The Daily Nugget – Bernanke hits the panic button, stoking gold prices
Opinions on QE3 were definitely leaning towards the ‘DON’T DO IT’ viewpoint yesterday. In a poll of US economists, Bloomberg found only 20% thought it was a good idea whilst 49% believed monetary policy was already too loose. This is no surprise considering data yesterday showed producer prices soared by 1.7% – up from 0.3% in July, this also being amidst consistently high gold prices.
But, Bernanke decided to ignore inflation concerns and just focus on jobs data in order to justify his decision to launch an open-ended round of quantitative easing. The FOMC has decided the Fed will expand holdings of long-term securities and buy $40bn of mortgage debt a month, with no view as to when this would end. Interest rates are also set to be kept at rock bottom until mid-2015, further fuelling a favourable environment for gold investment.
Just what the gold price was waiting for
It was like everyone’s Christmases had come at once as Bernanke gave the markets what they were looking for, and more. European stocks advanced to a 14-month high whilst gold and silver prices jumped as investors looked to protect themselves from Bernanke’s cheap money.
As Bill Bonner wrote yesterday ‘phoney money does not make a real economy.’ Unfortunately Bernanke isn’t convinced of this, analysts believe he will continue down this easy money path until a real turn in the economy is seen, unfortunately it’ll be the kind of turn which ends you up in a big mess.
No-one is that surprised at the FOMCs decision, as we’ve been saying for a while; if it wasn’t going to happen yesterday then it would definitely happen before the election.
Whilst the front pages and leading items of many of the financial news this morning runs with headlines shouting about the gold price leaping after the FOMC announcement, few seem to be focussing on why gold goes up when more money is created. Whilst many who have rushed into gold will be short-term speculators, the gold price goes up as investors seek to find a safe haven from debasement and impending inflation – both of which gold bullion is a hedge against.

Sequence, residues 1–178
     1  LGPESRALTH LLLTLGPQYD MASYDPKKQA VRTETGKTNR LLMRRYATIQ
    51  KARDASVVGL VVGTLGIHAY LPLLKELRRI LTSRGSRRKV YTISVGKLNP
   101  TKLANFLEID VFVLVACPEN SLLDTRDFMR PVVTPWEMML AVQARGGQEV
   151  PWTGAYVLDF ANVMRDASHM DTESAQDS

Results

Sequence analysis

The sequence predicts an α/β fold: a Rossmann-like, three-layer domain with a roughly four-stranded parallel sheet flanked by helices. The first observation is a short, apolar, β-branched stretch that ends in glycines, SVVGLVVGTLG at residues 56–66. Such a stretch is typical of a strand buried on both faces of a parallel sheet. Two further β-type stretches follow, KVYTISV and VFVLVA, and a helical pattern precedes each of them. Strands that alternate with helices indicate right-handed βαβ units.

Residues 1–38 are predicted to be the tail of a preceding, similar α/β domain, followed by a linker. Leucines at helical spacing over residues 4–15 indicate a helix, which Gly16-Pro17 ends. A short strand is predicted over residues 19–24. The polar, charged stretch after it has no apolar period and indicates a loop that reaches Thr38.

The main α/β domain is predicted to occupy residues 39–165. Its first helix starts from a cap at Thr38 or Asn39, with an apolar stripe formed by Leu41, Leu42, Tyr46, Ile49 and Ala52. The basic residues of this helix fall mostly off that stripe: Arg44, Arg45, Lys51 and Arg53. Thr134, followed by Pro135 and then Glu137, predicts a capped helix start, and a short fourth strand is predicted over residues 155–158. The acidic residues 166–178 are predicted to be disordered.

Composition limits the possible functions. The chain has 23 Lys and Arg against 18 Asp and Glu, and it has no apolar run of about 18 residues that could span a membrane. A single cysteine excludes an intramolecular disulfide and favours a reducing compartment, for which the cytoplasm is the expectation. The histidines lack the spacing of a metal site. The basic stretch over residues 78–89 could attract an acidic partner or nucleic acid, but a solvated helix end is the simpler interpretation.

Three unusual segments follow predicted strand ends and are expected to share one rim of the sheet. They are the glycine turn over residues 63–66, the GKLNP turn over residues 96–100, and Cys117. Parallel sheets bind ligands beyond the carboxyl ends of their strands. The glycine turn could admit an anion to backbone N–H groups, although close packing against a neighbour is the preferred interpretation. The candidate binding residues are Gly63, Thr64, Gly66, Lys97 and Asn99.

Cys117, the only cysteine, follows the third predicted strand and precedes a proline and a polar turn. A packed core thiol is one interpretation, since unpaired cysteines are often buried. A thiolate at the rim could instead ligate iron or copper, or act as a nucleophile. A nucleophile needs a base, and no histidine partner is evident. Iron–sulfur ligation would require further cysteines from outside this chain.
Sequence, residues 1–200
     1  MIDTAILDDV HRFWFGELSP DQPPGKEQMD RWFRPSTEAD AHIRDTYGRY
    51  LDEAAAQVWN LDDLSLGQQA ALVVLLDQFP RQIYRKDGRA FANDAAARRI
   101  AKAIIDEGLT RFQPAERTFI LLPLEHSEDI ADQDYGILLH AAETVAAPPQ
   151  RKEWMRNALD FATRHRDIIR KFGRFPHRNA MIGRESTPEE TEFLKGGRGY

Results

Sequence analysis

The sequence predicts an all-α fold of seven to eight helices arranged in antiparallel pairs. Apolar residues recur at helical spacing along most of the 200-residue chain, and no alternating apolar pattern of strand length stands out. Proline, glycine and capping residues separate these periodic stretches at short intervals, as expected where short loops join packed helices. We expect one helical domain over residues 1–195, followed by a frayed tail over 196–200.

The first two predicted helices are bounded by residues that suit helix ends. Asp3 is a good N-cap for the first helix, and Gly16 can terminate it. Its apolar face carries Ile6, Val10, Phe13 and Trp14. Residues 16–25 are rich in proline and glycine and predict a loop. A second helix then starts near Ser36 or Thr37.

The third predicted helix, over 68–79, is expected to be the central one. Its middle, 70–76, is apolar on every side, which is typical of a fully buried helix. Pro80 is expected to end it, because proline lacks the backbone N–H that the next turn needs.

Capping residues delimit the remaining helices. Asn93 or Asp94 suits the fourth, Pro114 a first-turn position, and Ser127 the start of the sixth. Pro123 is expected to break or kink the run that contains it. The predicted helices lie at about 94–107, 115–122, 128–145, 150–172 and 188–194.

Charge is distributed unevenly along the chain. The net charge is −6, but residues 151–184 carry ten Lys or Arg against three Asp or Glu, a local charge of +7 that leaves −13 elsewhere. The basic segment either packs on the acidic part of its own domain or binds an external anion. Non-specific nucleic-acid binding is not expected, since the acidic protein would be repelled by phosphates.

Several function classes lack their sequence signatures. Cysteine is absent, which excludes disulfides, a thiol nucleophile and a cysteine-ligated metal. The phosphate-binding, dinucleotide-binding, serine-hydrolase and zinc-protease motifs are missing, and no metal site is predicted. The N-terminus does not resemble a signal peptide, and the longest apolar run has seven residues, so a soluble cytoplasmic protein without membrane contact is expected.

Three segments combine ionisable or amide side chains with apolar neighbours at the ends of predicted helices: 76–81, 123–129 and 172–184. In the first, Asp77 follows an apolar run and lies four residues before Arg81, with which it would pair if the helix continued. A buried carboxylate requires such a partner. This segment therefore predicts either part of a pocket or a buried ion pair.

It’s not over yet…
Now it feels as though there is nothing else to look forward to, but fear not there are plenty of opportunities for governments and central banks to show us how much more they can screw up when next week the Eurogroup meeting on the 14 and 15 September will focus on the Spanish bailout, and possibly the next Greek one too if IMF reports are to be believed.
Germany is once again proving they’re not easily swayed. Finance Minister, Wolfgang Schaeuble has expressed concerns at Spain requesting an international bailout saying it would ‘be daft’ for them to seek more money on top of that already given. The media and other countries comment whenever Germany’s ministers and central bankers offer such warnings, but no one seems to be asking what it is in the German psyche which makes them cautious in such times.
Fitch has given the EU banking union its full seal of approval, which means it’s going to be a roaring success and all doubt should be dashed straight away. The ratings agency believes the union will provide long-term stability to the region. That’s just what the Eurozone countries needs, yet more integration.
Northern Rock anniversary
Let’s also not forget that today is the five year anniversary of the run on Northern Rock. Sound bites from politicians, central bankers and regulators are full of ‘lessons must be learnt’, but five years on, what have they learnt? Very little it seems. The collapse of ‘The Rock’ seems to have been an excuse for yet more regulation, demands on the Bank of England to act as lender of the last resort and still no change to how banks handle depositors’ money.
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